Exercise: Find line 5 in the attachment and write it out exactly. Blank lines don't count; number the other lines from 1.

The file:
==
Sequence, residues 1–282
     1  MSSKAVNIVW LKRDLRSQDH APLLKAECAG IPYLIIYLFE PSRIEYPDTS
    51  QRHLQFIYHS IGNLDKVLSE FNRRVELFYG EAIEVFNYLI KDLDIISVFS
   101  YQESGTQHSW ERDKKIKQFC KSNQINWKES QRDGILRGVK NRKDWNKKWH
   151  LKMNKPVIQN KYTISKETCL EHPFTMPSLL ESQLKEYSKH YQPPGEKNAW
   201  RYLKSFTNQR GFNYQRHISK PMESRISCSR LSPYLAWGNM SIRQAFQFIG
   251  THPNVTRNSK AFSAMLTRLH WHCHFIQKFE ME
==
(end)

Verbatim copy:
   151  LKMNKPVIQN KYTISKETCL EHPFTMPSLL ESQLKEYSKH YQPPGEKNAW